For a descending sort, the most recent time in the array will be used as the sort key: 3:31 PM on July 21 for document 0 and 5:31 PM on July 21 for document 1. Since the sort is descending these keys are then ordered from most recent to least recent, resulting in document 1 sorting before document 0:

      > db.c.find().sort({timestamps: -1});
      { "_id" : 1, "timestamps" : [ ISODate("2017-07-15T15:31:01Z"), ISODate("2017-07-21T18:31:01Z") ] }
      { "_id" : 0, "timestamps" : [ ISODate("2017-07-21T15:31:01Z"), ISODate("2017-07-21T13:31:01Z") ] }
       
      > db.c.aggregate([{$sort: {timestamps: -1}}])
      { "_id" : 1, "timestamps" : [ ISODate("2017-07-15T15:31:01Z"), ISODate("2017-07-21T18:31:01Z") ] }
      { "_id" : 0, "timestamps" : [ ISODate("2017-07-21T15:31:01Z"), ISODate("2017-07-21T13:31:01Z") ] }
      

      The semantics defining "lowest-valued array element" are identical to those used for index key generation. To determine the sort key for a document d given sort pattern p, we generate the set of index keys K for d by treating p as an index key pattern. The sort key is min(K), where min is determined by the index ordering. Consider the example of sorting the following documents by {"customers.id": -1, "customers.code": 1}:

      {_id: 0, customers:  [{id: 1, code: "X"}, {id: 2, code: "Y"}]}
      {_id: 1, customers:  [{id: 3, code: "W"}, {id: 3, code: "Z"}]}
      

      The index keys for document 0 are (1, "X") and (2, "Y"). The smallest key in this set according to the sort pattern is (2, "Y"), since we are sorting by customers.id descending. Therefore, (2, "Y") is the sort key for document 0. By similar logic, (3, "W") is the sort key for document 1. Comparing these keys, (3, "W") sorts before (2, "Y"), meaning that document 1 sorts first.

      PRE-EXISTING BEHAVIOR FOR FIND
      Prior to this change, the find command's behavior was similar to the above, except the smallest in-bounds element was selected as the sort key. A key was considered in-bounds based on the query predicate. Consider this example:

      // Query.
      db.coll.find({a: {$gte: 0}}).sort({a: 1});
       
      // Document.
      {_id: 0, a: [-3, -2, 2, 3]}
      

      The sort key for this document would be 2, because it is the smallest key that falls within the bounds of the query predicate.

      PRE-EXISTING BEHAVIOR FOR AGGREGATE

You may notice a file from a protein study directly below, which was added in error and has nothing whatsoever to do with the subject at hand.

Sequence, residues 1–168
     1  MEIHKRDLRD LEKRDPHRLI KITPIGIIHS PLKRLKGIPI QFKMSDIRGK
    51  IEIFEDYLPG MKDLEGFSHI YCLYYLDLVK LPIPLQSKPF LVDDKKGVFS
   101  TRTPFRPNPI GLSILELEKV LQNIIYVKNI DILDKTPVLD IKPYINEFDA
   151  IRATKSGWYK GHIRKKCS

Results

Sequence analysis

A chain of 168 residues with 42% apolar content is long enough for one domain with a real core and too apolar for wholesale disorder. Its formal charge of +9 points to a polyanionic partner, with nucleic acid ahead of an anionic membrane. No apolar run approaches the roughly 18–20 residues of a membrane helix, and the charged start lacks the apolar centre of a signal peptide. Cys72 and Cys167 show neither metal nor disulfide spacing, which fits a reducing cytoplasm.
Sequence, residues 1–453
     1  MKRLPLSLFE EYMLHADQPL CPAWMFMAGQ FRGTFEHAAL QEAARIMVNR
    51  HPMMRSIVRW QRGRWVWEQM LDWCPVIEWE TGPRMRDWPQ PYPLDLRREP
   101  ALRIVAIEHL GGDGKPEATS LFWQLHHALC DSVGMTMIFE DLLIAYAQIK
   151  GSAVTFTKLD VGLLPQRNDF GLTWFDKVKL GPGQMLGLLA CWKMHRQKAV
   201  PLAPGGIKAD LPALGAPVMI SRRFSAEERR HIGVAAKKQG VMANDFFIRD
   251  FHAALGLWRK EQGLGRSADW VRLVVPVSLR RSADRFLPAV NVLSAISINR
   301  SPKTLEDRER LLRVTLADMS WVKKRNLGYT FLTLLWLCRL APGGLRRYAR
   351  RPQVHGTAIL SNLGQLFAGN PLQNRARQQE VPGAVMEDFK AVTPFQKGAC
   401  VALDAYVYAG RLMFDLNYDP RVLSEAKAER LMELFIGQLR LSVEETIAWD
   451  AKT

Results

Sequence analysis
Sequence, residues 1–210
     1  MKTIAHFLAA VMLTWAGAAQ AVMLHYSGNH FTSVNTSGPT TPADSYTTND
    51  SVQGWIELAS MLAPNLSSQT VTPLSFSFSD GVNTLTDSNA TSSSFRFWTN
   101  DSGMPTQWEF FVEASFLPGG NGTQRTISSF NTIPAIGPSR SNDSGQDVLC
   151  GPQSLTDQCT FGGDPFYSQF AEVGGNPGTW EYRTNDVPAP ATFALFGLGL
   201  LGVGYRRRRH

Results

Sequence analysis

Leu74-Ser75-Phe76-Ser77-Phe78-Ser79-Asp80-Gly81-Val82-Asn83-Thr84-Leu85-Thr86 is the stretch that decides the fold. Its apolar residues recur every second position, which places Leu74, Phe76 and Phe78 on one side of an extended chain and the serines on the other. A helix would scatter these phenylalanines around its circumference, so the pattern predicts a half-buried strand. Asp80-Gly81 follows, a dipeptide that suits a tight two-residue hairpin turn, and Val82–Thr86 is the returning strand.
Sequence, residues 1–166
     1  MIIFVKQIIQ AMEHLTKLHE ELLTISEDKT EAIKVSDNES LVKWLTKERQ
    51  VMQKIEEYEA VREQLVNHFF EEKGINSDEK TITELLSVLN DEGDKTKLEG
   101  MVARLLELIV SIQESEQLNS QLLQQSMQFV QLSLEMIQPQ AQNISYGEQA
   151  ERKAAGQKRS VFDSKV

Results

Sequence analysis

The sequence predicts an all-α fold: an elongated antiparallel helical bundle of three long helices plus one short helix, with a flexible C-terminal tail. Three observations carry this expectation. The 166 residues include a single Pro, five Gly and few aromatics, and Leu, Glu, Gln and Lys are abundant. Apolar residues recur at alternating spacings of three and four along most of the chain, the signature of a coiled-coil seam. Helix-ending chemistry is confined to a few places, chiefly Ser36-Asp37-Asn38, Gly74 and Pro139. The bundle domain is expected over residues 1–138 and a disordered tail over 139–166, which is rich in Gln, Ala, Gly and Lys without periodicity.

For aggregation sorts prior to this change, the entire array was used as the sort key. The array sort keys were compared element-wise to determine the sort order of the result set. For instance, when sorting these documents in ascending order by field a:

      {_id: 0, a: [3, 1, 5]}
      {_id: 1, a: [3, 4, 0]}
      

      The sort keys would be [3, 1, 5] and [3, 4, 0] respectively. Document 0 sorts first: although the first array elements are equal, the second array element breaks the tie.

      Original description

      When the query sort algorithm is given an array value to sort on, an array element is chosen as the sort key by using the query predicate to generate sort bounds (see this comment in sort.cpp for an explanation about why this is the case). Instead, we should consider changing the semantics of sorting on an array value, such that the entire array is used as the sort key.

      Pros:

      • Sort key generation becomes much less expensive.
      • Query sort order will become more consistent with aggregation sort order.
      • Multiple outstanding bugs in the server related to sorting on an array value could be closed as "Gone away" (e.g. SERVER-8152, SERVER-11878, SERVER-19394, SERVER-19397).
      • Implementation of query sort algorithm could be vastly simplified.
      • It's unclear whether the current array sorting semantics are well-defined (in particular, it's unclear whether a complete solution exists to SERVER-19397).

      Cons:

      • Backwards-breaking.
      • Multi-key indexes would have to be considered ineligible for providing a sort.